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A Mixed Bag Regarding the IRS and Identity Theft

Jun 3rd 2015
Columnist
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There was both good news and bad news last week for the IRS on the identity theft front.

First the good: According to a report released by the Treasury Inspector General for Tax Administration (TIGTA) on May 28, the IRS has improved its detection and prevention of identity theft tax return fraud, which has plagued the nation’s tax-collection agency in recent years.

Now the bad: Two days before that report was released, the IRS was forced to reveal the existence of a massive security breach involving its “Get Transcript” application. The IRS admitted that the personal information of about 100,000 American households was exposed in the scheme, which is being investigated by the IRS Criminal Investigation Unit, TIGTA, and the FBI, among others.

Thus, this appears to be a case of two steps forward, one step back for the IRS.

The TIGTA report released last week is a follow-up to a 2013 report, which found that the IRS issued $3.6 billion in potentially fraudulent tax refunds in 2011. For the new report, TIGTA analyzed data from 2012 tax returns to determine the effectiveness of continued IRS efforts to thwart identity theft when tax returns are being processed.

Although the results provide a ray of hope, the ability of the IRS to stem the tide remains limited because it doesn’t gain access to third-party income and withholding information until well after tax return filing begins. The agency continues to lobby for legislation that would accelerate and expand its access to data as an aid to detection efforts.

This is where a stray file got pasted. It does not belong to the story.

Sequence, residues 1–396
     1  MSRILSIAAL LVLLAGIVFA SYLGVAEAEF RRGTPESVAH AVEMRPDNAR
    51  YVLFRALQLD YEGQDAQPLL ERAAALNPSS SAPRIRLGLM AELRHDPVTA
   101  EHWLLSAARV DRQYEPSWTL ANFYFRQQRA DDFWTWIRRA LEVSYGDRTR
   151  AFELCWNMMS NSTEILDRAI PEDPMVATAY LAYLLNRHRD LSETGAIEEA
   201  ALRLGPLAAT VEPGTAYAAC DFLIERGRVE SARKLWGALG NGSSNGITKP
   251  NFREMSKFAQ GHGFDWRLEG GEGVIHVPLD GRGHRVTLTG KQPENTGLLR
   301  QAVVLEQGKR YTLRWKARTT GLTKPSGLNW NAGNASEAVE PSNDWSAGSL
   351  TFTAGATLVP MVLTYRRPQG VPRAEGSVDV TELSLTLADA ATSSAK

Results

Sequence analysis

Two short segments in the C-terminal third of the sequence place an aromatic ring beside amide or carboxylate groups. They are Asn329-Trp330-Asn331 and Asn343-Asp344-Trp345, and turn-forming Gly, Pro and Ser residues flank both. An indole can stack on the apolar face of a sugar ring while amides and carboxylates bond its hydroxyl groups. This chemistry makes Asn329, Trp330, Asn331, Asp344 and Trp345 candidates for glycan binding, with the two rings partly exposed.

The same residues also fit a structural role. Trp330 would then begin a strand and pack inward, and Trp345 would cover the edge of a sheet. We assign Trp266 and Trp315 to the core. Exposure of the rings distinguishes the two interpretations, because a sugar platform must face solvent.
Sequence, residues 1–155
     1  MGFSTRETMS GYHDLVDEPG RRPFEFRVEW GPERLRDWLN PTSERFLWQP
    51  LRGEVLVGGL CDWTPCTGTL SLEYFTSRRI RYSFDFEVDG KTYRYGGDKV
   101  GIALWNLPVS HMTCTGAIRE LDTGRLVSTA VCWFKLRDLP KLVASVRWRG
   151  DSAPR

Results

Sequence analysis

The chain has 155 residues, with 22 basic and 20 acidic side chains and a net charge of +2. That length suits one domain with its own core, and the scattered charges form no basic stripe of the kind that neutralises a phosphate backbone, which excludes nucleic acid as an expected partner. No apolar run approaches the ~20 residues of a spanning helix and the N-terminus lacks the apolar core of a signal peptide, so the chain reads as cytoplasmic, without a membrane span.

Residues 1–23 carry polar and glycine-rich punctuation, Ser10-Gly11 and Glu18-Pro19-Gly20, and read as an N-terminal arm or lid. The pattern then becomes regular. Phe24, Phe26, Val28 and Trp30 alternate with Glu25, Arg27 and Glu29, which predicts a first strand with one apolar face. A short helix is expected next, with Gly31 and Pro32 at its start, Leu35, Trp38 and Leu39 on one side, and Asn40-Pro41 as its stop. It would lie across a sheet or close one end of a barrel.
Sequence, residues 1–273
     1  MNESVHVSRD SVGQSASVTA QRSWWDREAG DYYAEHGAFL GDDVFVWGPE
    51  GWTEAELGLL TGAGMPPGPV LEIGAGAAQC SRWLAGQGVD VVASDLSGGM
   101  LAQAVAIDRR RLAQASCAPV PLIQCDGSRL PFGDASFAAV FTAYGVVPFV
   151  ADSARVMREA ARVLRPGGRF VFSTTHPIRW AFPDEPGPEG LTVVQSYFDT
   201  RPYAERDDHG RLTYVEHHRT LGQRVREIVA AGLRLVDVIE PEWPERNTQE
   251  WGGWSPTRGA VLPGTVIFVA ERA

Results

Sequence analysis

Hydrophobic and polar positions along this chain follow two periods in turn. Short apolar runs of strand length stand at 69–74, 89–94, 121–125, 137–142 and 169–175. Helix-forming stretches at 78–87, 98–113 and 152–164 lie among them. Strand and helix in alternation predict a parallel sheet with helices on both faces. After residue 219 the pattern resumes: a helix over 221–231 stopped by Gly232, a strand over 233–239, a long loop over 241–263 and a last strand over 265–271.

According to the latest report, TIGTA was able to identify 787,343 potentially fraudulent tax returns, with tax refunds totaling more than $2.1 billion, that had the same characteristics as IRS-confirmed identity theft tax returns. Also, TIGTA’s analysis identified multiple tax returns with the same address and/or bank accounts that were not identified by the IRS’s cluster-filtering tool.

In addition, TIGTA found that Individual Taxpayer Identification Numbers (ITINs) continued to be used to file potentially fraudulent tax returns. It identified more than 140,000 tax returns for 2012 that were filed by individuals using an ITIN with the same characteristics as IRS-confirmed identity theft tax returns. These tax returns resulted in approximately $375 million in potentially fraudulent tax refunds being issued.

Treasury Inspector General J. Russell George noted the IRS has recognized that new identity theft patterns are constantly evolving. This means it must constantly stay on top of its game.

“Undetected tax refund fraud results in significant federal outlays and erodes taxpayer confidence in the federal tax system,” George said in a written statement.

TIGTA recommended that the IRS continue to evaluate clustering filters to ensure that it properly identifies tax returns with multiple uses of addresses and/or bank accounts; expand identity theft filters to address filing patterns that may indicate a tax return is related to identity theft; and outline specific actions and time frames for implementation of a process to deactivate ITINs assigned prior to Jan. 1, 2013, including ITINs assigned to individuals who are now deceased.

For its part, the IRS agreed with TIGTA’s recommendations and plans to continue evaluating identity theft-related fraud trends and review fraud filter performance to improve its clustering process. It also expects to develop an action plan to deactivate ITINs.

But these actions can’t completely remove the sting of the agency’s latest black eye.

Related article:

TIGTA Reports Examine IRS Identity Theft Processes, Services

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